Re-skilling and up-skilling play a crucial role in helping people meet the demands of a changing working world of work. The DP will carefully examine the existing possibilities and offers and adapt them if necessary. In this context, the promotion of in-house continuing vocational training will also be analysed.
Refer to the chapter Digitisation and Media
Refer to chapter on Family policy
Refer to chapter on National planning
Buying behaviour has changed in recent years and people are increasingly turning to e-commerce offerings. This is available round-the-clock, accessible from home at the click of a mouse and can thus be easily integrated into everyday life. The goal is more flexibility and a pragmatism that accommodates businesses, employees and customers. The DP therefore advocates for a reform of Sunday working hours. This way e-commerce does not become an unbeatable competition to retail, but fits into the system in a complementary manner.
In addition to the liberalisation of opening hours (see chapter Economy), the DP will allow every worker to work up to eight hours on Sundays. Of course, the increased remuneration prescribed by law will be maintained. This step would particularly benefit employees who take longer trips to work, especially cross-border commuters. In addition, opening shops on Sundays means greater flexibility for customers.
Refer to the chapter on Tax policy
The loss of a child is a traumatic experience, this also applies to the loss of an unborn child. In order to give parents time to process the terrible experience of a miscarriage or stillbirth, the DP will extend special leave for parents in the event of the death of a child to the death of an unborn child.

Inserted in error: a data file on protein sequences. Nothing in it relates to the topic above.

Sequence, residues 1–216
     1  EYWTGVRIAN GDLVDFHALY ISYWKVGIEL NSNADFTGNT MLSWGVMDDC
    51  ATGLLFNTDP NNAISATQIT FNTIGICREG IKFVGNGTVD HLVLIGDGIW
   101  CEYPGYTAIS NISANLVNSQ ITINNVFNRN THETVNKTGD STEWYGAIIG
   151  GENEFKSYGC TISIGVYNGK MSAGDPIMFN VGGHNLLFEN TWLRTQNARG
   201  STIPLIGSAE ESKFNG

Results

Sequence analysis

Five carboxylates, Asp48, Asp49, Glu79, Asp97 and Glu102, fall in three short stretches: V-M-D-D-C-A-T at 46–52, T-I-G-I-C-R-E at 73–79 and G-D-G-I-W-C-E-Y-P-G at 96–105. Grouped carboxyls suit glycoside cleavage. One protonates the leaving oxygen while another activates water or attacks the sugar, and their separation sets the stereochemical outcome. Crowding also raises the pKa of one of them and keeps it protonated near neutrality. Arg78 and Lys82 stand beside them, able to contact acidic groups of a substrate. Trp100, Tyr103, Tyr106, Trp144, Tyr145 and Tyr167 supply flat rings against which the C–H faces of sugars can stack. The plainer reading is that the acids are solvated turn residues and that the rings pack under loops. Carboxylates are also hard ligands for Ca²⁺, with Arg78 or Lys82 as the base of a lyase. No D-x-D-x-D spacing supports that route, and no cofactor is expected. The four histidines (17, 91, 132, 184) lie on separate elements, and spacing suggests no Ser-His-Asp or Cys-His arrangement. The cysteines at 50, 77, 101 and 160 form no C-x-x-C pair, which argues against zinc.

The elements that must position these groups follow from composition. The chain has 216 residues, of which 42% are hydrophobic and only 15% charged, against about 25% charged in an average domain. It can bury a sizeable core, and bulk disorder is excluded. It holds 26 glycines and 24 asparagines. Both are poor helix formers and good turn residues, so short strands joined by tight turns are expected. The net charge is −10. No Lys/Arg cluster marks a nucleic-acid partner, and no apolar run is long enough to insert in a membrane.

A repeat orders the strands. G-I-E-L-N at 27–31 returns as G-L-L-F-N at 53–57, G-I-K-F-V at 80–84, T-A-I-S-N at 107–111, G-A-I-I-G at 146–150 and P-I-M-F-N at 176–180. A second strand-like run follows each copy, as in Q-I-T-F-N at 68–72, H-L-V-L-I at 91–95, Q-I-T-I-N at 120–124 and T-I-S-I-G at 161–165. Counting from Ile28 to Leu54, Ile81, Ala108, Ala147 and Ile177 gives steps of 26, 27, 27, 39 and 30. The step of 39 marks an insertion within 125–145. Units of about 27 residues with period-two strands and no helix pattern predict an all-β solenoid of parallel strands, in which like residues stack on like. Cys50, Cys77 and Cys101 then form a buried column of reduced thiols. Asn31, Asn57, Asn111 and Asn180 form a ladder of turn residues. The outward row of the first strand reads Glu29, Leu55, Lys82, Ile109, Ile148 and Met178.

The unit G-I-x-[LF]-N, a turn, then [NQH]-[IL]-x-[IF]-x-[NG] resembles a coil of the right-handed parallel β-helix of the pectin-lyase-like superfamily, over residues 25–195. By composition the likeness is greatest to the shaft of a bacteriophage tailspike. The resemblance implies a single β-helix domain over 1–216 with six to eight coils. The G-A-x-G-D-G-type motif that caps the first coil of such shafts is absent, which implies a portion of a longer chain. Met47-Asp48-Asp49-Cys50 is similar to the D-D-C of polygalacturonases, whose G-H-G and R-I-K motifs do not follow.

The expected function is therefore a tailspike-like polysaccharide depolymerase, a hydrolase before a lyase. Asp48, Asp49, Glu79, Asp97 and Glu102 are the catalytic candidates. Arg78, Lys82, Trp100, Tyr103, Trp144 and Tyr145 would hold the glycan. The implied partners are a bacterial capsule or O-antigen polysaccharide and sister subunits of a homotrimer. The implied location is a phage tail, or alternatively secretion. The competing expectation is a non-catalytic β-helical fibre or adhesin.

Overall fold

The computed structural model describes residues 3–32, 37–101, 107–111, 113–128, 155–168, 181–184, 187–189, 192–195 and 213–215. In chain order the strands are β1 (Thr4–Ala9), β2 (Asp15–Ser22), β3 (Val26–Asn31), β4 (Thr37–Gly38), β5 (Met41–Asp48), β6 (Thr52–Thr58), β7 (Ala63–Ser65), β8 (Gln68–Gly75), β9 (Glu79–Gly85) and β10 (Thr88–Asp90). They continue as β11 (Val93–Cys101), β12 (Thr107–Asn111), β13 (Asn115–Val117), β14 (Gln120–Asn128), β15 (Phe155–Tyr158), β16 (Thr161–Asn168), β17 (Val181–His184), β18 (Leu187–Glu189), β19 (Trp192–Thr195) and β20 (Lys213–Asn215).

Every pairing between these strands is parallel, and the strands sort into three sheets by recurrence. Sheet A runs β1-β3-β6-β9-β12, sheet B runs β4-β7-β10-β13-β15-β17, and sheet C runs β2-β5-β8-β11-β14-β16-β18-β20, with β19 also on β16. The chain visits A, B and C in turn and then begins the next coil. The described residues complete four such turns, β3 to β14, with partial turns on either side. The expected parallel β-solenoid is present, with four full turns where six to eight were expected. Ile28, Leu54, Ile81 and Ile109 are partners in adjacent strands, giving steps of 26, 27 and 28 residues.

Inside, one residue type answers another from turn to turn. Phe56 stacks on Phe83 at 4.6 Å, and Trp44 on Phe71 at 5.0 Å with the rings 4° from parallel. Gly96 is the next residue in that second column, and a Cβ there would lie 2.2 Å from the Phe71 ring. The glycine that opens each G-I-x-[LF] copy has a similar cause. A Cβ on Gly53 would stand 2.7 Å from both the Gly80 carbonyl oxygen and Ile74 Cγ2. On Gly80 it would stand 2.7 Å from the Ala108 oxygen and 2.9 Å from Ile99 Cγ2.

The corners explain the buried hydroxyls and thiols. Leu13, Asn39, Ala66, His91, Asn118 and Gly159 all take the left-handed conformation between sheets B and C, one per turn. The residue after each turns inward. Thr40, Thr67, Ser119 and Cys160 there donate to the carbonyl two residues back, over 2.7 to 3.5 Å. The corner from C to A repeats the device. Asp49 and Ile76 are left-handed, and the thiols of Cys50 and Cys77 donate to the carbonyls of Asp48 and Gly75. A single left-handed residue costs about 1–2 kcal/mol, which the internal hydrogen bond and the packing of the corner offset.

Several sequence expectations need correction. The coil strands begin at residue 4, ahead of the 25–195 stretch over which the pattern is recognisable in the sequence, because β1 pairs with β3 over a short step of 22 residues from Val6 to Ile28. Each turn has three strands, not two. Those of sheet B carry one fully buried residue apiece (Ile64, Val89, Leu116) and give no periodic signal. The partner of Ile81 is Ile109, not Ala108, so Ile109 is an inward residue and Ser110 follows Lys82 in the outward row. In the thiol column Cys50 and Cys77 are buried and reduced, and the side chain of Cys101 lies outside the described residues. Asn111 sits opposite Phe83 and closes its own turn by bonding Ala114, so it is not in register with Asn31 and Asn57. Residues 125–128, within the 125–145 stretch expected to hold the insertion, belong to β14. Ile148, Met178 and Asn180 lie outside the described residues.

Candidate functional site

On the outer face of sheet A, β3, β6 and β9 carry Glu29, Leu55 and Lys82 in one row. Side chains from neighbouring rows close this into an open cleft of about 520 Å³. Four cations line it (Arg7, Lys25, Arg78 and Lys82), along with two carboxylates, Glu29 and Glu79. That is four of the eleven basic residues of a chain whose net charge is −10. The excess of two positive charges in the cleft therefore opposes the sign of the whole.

Belgium and France introduced cheques a few years ago which private individuals can use for services (household help, gardening, childcare, etc.). In Belgium, these cheques are co-financed by the state. A private individual buys an hour of work from a service provider for a certain amount of money. The state finances the remaining costs of the working hour. In addition, the private individual can benefit from tax reductions.
The DP sees such a system first as a way of combating undeclared work in private households. Secondly, such service vouchers would also be beneficial in some areas of work, for example in the catering or event industry, where additional staff are spontaneously needed to help out for a very short period of time during labour-intensive periods. Where complicated social security reporting procedures currently complicate the work of businesses, these cheques promise to save a substantial amount of time.
With three successfully concluded tripartite negotiations, the DP has strengthened the social dialogue as a tried and tested successful model in Luxembourg. We have maintained the index mechanism even in times of crisis and strengthened people’s purchasing power through additional tax measures and direct aids.
To ensure that salaries are regularly adjusted to inflation in the future, DP will stick to the current index system. Only if the social partners agree on a reform, such as adjusting the basket of goods to neutralise products that are harmful to health and the climate, is the DP willing to make changes to the index system.
The DP sticks to the planned legal adjustment of the minimum wage. In addition, the impact of any minimum wage increase on the economy and the unemployment rate should be reviewed. In the last legislative period, the government increased the minimum wage by 100 euros net, without this increase being entirely at the expense of enterprises. The DP will continue to focus more on benefits and socially adjusted tax credits in favour of low-income earners, which should not be at the expense of the competitiveness of businesses, especially small and medium-sized enterprises.